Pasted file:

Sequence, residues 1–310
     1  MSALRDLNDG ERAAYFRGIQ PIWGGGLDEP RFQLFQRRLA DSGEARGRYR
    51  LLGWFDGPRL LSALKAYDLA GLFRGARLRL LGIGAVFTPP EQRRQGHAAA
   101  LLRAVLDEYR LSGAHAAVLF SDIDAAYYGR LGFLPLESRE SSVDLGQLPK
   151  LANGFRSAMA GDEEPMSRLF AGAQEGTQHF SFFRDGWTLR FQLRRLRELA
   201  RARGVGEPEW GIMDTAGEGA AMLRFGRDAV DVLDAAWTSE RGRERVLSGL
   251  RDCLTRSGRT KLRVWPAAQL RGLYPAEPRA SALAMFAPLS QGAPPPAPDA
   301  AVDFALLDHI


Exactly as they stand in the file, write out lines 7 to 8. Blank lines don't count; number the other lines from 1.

   251  RDCLTRSGRT KLRVWPAAQL RGLYPAEPRA SALAMFAPLS QGAPPPAPDA
   301  AVDFALLDHI